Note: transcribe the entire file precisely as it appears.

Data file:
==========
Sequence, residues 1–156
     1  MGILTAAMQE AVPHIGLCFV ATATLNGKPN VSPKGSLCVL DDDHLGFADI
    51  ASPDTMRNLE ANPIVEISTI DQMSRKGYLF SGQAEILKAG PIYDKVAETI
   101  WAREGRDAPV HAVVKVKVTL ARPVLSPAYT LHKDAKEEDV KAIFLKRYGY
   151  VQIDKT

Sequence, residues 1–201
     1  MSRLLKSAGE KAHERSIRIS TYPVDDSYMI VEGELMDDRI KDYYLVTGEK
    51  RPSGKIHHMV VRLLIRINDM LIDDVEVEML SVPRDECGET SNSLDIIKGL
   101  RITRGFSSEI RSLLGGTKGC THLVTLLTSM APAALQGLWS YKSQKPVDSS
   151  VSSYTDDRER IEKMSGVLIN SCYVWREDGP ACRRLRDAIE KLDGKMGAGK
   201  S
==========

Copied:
Sequence, residues 1–156
     1  MGILTAAMQE AVPHIGLCFV ATATLNGKPN VSPKGSLCVL DDDHLGFADI
    51  ASPDTMRNLE ANPIVEISTI DQMSRKGYLF SGQAEILKAG PIYDKVAETI
   101  WAREGRDAPV HAVVKVKVTL ARPVLSPAYT LHKDAKEEDV KAIFLKRYGY
   151  VQIDKT

Sequence, residues 1–201
     1  MSRLLKSAGE KAHERSIRIS TYPVDDSYMI VEGELMDDRI KDYYLVTGEK
    51  RPSGKIHHMV VRLLIRINDM LIDDVEVEML SVPRDECGET SNSLDIIKGL
   101  RITRGFSSEI RSLLGGTKGC THLVTLLTSM APAALQGLWS YKSQKPVDSS
   151  VSSYTDDRER IEKMSGVLIN SCYVWREDGP ACRRLRDAIE KLDGKMGAGK
   201  S